The mistakes

March 12, 1999

JMU's material contradicts a standard undergraduate text, An Introduction to Human Physiology, by J. H. Green, by stating that: "Generally, respiratory movements are under the control of the autonomic (involuntary) nervous system." This is incorrect. The standard text states: "It should be noted that although breathing is to a large extent an 'involuntary' act, the "voluntary' nervous system (and not the autonomic nervous system) is the efferent system used to control the respiratory muscles."

"In endothermic vertebrates the ventilation of the lungs is precisely tailored to meet the bodies (sic) need for oxygen." This is confusing. An independent expert said that many vertebrates, such as fish, do not have lungs, and that the statement could be taken to mean that it does not apply to non-endothermic vertebrates.

"Respiration rate (breath/minute) is neither determined or altered in direct response to changing lung O2 concentrations." An independent expert said that in some circumstances, such as at high altitude, "reduced oxygen concentration in the lungs... causes a marked, and life-preserving, increase in ventilation rate."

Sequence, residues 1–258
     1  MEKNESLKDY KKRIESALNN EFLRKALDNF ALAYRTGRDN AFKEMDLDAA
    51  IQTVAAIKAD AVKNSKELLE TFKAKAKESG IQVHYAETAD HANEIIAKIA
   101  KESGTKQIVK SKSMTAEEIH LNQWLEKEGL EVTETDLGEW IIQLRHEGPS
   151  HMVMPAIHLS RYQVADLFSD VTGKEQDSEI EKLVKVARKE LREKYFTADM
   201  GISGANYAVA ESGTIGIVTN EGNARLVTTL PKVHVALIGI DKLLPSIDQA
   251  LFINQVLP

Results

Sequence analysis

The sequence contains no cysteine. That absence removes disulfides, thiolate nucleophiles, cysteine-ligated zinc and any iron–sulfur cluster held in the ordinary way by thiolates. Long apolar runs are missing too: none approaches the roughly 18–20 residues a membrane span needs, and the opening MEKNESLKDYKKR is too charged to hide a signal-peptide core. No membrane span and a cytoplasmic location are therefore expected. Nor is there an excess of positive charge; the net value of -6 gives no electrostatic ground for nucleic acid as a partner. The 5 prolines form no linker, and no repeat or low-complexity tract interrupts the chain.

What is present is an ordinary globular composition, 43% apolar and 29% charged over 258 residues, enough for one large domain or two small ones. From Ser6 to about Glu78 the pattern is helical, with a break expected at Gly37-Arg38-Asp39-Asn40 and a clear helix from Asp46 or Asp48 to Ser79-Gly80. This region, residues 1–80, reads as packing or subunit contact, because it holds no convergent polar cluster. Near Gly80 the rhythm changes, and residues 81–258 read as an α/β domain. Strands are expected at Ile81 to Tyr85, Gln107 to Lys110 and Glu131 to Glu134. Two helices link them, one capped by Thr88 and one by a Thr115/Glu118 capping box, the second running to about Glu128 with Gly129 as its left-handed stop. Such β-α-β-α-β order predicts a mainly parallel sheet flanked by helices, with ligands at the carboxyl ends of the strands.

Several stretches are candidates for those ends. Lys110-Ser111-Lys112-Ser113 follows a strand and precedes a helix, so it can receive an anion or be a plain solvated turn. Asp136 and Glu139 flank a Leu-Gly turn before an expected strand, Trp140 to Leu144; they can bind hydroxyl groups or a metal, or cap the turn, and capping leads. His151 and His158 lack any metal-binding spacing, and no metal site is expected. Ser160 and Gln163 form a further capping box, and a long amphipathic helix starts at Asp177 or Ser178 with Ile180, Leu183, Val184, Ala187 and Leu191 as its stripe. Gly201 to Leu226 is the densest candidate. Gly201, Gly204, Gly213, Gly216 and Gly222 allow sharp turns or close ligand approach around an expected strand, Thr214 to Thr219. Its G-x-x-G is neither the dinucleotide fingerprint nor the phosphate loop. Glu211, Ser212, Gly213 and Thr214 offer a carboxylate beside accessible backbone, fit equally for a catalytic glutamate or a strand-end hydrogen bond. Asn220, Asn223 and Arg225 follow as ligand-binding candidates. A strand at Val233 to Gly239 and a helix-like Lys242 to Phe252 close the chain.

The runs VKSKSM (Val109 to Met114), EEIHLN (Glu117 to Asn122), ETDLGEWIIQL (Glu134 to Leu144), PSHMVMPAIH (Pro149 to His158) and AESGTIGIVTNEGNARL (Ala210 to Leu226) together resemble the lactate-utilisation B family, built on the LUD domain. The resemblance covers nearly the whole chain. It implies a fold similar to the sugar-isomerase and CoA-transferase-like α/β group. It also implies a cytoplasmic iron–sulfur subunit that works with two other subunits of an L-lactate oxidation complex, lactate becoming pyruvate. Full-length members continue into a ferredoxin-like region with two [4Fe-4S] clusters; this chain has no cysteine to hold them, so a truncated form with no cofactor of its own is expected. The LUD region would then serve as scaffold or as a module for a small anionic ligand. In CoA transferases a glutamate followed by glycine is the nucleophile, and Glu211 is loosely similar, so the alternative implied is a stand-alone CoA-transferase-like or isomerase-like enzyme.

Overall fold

The material requires a student "guinea-pig" to "breathe in and out of a plastic bag... until breathlessness becomes marked". One reviewer said that this "may not be risk free".

Please login or register to read this article

Register to continue

Get a month's unlimited access to THE content online. Just register and complete your career summary.

Registration is free and only takes a moment. Once registered you can read a total of 3 articles each month, plus:

  • Sign up for the editor's highlights
  • Receive World University Rankings news first
  • Get job alerts, shortlist jobs and save job searches
  • Participate in reader discussions and post comments

Have your say

Log in or register to post comments